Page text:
– There is a facility called ‘wake on LAN’. If there is something on the network that needs to talk to it, then it can wake up. Also, it’s possible the Mac is misinterpreting such messages when they’re not even meant for it. To test this, turn the wi-fi off and unplug the Ethernet.
– Check for consistency in its waking up. Is it done in a cycle. This may give you a clue.
– Check the power options under ‘Settings’.
– Go up to the Apple logo [on the screen] and check for updates.
– Also try unplugging the keyboard, in case there’s something wrong with it. <It may be sending a signal to the Mac as if a key had been pressed.> Similarly, check the mouse.
– Or it may be waking up to do a Timemachine backup. To test this, “Unplug your Timemachine”.
– Some peripheral may be trying to talk to the Mac. Unplug one thing at a time to see if the problem goes away

Douglas called to say that his machine has a similar problem with waking up. It can happen when the refrigerator comes on or a truck drives by.
– It can be due to EMF spikes due to a bad voltage regulator.
– A surge protector will not correct the problem, but a UPS (uninterruptible power supply) will “take care of what you describe”.

The reason Douglas called had to do with his cell phone getting text (txt) messages. He had upgraded to the iPhone 5 from a 4. He had been exchanging messages with a friend but then wouldn’t receive any for a while. Suddenly, there would be a bunch of unread messages waiting for him.
– Are these green messages or blue, Paul asked. Douglas said he gets both. Blue means the message was delivered via the internet, not thru the cellular service via SMS (short message service).
– Glenn had seen a similar problem with a friend’s phone when he helped her change cell phone providers. He had to go to ‘Settings’ -> ‘Messages’ and turn iMessage back on.
– Paul told Douglas to look on the older iPhone 4 to see if any of the messages ended up there. It can receive messages even though it no longer has a SIM card in it. If it’s still connected to the internet, it can still receive iMessages.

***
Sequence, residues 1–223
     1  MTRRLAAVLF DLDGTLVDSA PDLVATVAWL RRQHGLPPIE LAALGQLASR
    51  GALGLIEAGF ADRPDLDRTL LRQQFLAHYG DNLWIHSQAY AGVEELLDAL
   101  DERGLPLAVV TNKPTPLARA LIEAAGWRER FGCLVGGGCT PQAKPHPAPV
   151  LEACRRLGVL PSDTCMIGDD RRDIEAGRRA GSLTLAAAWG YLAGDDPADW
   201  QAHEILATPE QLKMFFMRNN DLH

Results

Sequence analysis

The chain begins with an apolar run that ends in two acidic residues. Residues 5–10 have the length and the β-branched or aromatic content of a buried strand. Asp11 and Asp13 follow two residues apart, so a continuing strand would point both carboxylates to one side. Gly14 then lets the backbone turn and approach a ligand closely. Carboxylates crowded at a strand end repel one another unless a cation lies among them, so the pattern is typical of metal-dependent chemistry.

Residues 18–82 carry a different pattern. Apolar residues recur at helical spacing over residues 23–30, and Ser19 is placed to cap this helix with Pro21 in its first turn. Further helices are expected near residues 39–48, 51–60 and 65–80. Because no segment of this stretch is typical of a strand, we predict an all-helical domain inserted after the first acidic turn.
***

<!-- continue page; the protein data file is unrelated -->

– Try texting with that friend in the same room. You may just have a weak internet connection. Or use the app called Speed Test. Don’t just depend on the number of bars to tell you the connection is good.
– Back up your phone to iTunes and then reload and refresh the operating system. Paul said he’s so many problem corrected with this procedure. So, back up, then press ‘restore’ to wipe the phone clean, then reload the latest operating system, and finally restore the data you just backed up.
– Paul asked that listeners call in if they have suggestions
– As a last resort, use a messaging app other than iMessage — Whatsapp, for instance.

Continuing, Paul asked what phone company he uses. Douglas said it’s H2O. That made Paul recall problems Glenn had with that company. He then suggested turning off MMS (Multi Media Service). If the friend tries to send Douglas a picture and “it doesn’t go with iMassage” it will try to use a data service over the cellular service called Multi Media Service which doesn’t work with H2O on the iPhone. Under ‘Settings’ -> ‘Messages’ turn off MMS

Nick, an electrical engineer, called about the symptoms Douglas experienced when the refrigerator came on or a truck drove by. Nick said its a sign of something that should be investigated and corrected because it’s highly likely the wiring in the building (the power wiring) has loose or inadequate connections. It’s a fire hazard, he warned.

Buzz, the KVMR engineer, came into the studio to offer a tip in finding the faulty wiring. He said, take an old AM radio and tune it to a blank spot on the dial where there is no station broadcasting. Then walk around the house waiting for the phenomenon to occur. When it happens, you’ll hear a bunch of static on the radio. Wander around to where the static is the loudest. Then take apart the AC outlets in the wall or tighten the joint in the circuit breaker panel. Wherever the static is the loudest is where the [electrical] arc is happening. If there is no static, chances are the problem is not in your house, Buzz said.

Nick said all of this may be beyond the average person’s ability but this is stuff that can hurt you and light your building on fire. Get it checked out.

The disclaimer:
The views and opinions expressed on KVMR are those of the speaker only and not necessarily those of KVMR management, staff or underwriters.

Finally, Paul added, powder fire extinguishers are fairly inexpensive. The last thing you want all over an electrical fire is a bunch of conductive liquid.

Last Updated 12:07 AM 11-1-2018